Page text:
Not that I have an issue with people doing it - I just think lack of appreciation of how hard it is to manage money is more likely in that scenario.
    I agree. When i say i'd help with a deposit i mean i would help not just give it to them. For example if they save 15%, i'd give an extra 5% or something along those lines. Or DH has suggested buying them a house but only letting them have it once they have saved a deposit and then have them 'rent' the house for a while before handing it over to them (not sure on this but it's an idea we have discussed).
    I think it is great to help your kids but better if you can teach them to help themselves first.

  8. The Following 2 Users Say Thank You to MothersMilk For This Useful Post:

    Clementine Grace  (19-06-2012),NancyBlackett  (19-06-2012)

  9. #67
    Join Date
    Nov 2007
    Posts
    19,776
    Thanks
    5,212
    Thanked
    7,063
    Reviews
    1
    Achievements:Topaz Star - 500 postsAmber Star - 2,000 postsAmethyst Star - 5,000 postsEmerald Star - 10,000 postsRuby Star - 15,000 posts
    I do agree, I prob wouldn't give the whole deposit. We were given about a third of a home deposit. We've still had to save a heck of a lot but have been given a helping hand considering the cost of living.

  10. #68
    Join Date
    Sep 2009
    Posts
    3,378
    Thanks
    829
    Thanked
    1,106
    Reviews
    0
    Achievements:Topaz Star - 500 postsAmber Star - 2,000 posts
    If we had the extra money I would certainly consider helping our kids out. I would LOVE for someone to offer to pay off our mortgage (never going to happen ). I think we have a good work ethic and are going along okay, but things will be tight until I finish uni in a few years. If my kids had saved a deposit for their own house, were paying off their mortgage okay and were generally living within their means then helping them out would be something I would love to do. It is hopefully something that would be appreciated and would help them get ahead in life.

  11. #69
    lambjam's Avatar
    lambjam is offline Nitwit! Blubber! Oddment! Tweak!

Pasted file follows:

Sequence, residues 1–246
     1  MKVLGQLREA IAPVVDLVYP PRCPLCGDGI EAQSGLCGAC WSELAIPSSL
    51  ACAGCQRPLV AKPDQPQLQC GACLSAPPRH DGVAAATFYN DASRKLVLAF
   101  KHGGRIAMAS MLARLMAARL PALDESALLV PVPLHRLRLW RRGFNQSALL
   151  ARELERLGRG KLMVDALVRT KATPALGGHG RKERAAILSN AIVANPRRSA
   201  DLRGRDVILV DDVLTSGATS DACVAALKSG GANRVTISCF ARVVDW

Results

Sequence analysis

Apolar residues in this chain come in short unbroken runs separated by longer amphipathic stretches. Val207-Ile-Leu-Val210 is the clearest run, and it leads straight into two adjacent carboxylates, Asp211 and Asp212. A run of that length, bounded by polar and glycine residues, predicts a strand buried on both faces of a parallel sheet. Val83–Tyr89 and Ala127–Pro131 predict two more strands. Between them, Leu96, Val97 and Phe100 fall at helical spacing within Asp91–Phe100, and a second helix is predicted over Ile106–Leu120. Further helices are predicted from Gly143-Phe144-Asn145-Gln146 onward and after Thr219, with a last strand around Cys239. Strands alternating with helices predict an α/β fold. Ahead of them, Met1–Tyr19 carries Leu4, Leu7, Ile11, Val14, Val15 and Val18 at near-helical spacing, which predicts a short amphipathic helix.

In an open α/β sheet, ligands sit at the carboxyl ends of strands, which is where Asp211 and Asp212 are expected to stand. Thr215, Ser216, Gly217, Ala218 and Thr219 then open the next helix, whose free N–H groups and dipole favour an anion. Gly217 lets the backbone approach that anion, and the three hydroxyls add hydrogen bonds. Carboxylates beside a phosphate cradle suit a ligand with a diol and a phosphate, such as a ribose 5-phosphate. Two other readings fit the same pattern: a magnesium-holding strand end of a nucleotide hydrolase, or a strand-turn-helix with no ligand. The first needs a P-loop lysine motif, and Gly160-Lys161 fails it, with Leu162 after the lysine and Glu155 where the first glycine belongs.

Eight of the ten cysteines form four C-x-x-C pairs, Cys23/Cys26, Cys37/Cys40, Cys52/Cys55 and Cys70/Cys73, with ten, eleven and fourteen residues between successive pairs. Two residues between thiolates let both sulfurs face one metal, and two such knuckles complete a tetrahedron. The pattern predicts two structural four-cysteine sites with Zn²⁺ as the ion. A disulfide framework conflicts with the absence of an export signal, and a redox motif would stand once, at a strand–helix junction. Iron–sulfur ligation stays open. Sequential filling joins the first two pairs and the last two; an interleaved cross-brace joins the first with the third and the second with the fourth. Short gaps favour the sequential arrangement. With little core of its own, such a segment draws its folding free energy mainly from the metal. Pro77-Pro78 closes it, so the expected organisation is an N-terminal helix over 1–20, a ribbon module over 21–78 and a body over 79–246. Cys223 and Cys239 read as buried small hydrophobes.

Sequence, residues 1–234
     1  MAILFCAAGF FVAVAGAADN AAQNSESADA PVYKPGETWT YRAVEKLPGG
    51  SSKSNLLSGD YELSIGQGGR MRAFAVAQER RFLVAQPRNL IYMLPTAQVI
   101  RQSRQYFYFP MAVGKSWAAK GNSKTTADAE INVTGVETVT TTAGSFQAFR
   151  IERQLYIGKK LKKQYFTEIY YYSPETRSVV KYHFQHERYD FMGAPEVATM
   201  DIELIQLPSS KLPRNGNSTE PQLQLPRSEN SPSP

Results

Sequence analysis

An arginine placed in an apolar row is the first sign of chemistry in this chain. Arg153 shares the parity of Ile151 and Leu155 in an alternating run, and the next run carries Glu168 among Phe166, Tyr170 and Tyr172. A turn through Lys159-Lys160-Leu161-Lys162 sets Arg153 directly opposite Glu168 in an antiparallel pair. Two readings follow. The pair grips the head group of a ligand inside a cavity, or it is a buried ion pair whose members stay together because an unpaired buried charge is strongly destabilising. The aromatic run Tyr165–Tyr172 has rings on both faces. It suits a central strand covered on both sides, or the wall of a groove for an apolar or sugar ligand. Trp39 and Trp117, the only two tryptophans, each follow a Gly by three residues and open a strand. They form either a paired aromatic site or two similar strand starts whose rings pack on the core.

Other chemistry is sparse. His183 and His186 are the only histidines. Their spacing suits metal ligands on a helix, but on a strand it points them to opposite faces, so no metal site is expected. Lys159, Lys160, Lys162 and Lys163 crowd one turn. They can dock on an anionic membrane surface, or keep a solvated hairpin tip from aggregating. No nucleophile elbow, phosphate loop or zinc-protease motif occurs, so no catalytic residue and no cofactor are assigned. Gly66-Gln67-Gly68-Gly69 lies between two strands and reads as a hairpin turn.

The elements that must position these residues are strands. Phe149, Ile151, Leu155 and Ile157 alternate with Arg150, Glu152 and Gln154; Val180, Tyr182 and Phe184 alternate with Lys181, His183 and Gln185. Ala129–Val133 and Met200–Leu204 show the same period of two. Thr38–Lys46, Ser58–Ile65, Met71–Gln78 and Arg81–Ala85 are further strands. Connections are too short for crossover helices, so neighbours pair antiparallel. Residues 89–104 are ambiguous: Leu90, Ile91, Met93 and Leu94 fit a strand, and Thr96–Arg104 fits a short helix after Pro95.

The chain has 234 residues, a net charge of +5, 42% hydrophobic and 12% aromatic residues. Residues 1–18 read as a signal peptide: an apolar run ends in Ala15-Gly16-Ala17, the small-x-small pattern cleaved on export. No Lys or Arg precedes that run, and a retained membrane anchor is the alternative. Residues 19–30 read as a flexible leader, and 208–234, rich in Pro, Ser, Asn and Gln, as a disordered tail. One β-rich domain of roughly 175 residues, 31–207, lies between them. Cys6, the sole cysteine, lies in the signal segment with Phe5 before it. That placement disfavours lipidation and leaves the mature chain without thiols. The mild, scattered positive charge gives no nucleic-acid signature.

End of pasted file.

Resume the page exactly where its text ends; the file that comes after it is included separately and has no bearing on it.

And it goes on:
Join Date
    Aug 2008
    Location
    Canberra
    Posts
    7,177
    Thanks
    2,062
    Thanked
    4,956
    Reviews
    1
    Achievements:Topaz Star - 500 postsAmber Star - 2,000 postsAmethyst Star - 5,000 posts
    Quote Originally Posted by NancyBlackett View Post
    See I think gifting a deposit is likely to cause more issues with a lack of financial responsibility. Saving up a 20% deposit is no mean feat. I think of kids have done that they have demonstrated a good level of financial responsibility.

    Not that I have an issue with people doing it - I just think lack of appreciation of how hard it is to manage money is more likely in that scenario.
    I agree. That's why I liked Elijah's Mum's suggestion so much; it ensured that the children had worked and saved to get to the position to buy a home, but just gave them a wonderful surprise!

    I think we don't share money within families enough. I often look at how people used to do it with a fair bit of longing... at a certain age, the elderly would come to live with their children and grandchildren. The money from their home would go towards their children's home alleviating the need for banks, interest, debt.

    We've become so used to debt in our society that we don't even see it, but there's many a bank CEO doing very well out of the way we handle our money these days. Honestly, why wouldn't you keep the banks out of it if you could?!

  12. #70
    Buttoneska's Avatar
    Buttoneska is offline Winner 2010- Most Community Minded Thread Award
    Join Date
    Jan 2011
    Posts
    5,677
    Thanks
    2,066
    Thanked
    1,981
    Reviews
    3
    Achievements:Topaz Star - 500 postsAmber Star - 2,000 postsAmethyst Star - 5,000 posts
    I think it also depends what sort of deposit you are talking.

    My deposit was $25k, my sisters deposit was $80k.


 

Similar Threads

  1. Help! When to give up?
    By Nemmy in forum Constipation, Toilet Training
    Replies: 2
    Last Post: 20-02-2012, 14:28
  2. I. Give. Up
    By bpac in forum General Sleeping & Settling Chat
    Replies: 0
    Last Post: 24-01-2012, 23:48

Posting Permissions

  • You may not post new threads
  • You may not post replies
  • You may not post attachments
  • You may not edit your posts
free weekly newsletters | sign up now!
who are these people who write great posts? meet our hubbub authors!
Learn how you can contribute to the hubbub!

reviews
learn how you can become a reviewer!

competitions

forum - chatting now
christmas gift guidesee all Red Stocking
Fridge-To-Go Australasia
Xmas with a NEW Fridge-to-go Lunch Bag! Fridge-To-Go Australasia
Fridge-to-go 8 hour cooler bags are ideal under the Christmas tree! Now in modern lunch bag designs - fill them with toys and chocolate to make parents and kids happy! Stay super cool and eat healthy and fresh food all summer long!
sales & new stuffsee all
Pea Pods
Buy 2 Award Winning Pea Pods Reusable One Size Nappies for only $38 (in your choice of colours) and receive a FREE roll of Bamboo Liners. Don't miss out, we don't usually have discounts on the nappies, so grab this special offer!
Special Offer! Save $12
featured supporter
Cots on Bubhub
Looking to buy a cot or bassinet? :: Cot safety checklist :: Local or online nursery shops
gotcha
X

Pregnant for the first-time?

Not sure where to start? We can help!

Our Insider Programs for pregnancy first-timers will lead you step-by-step through the 14 Pregnancy Must Dos!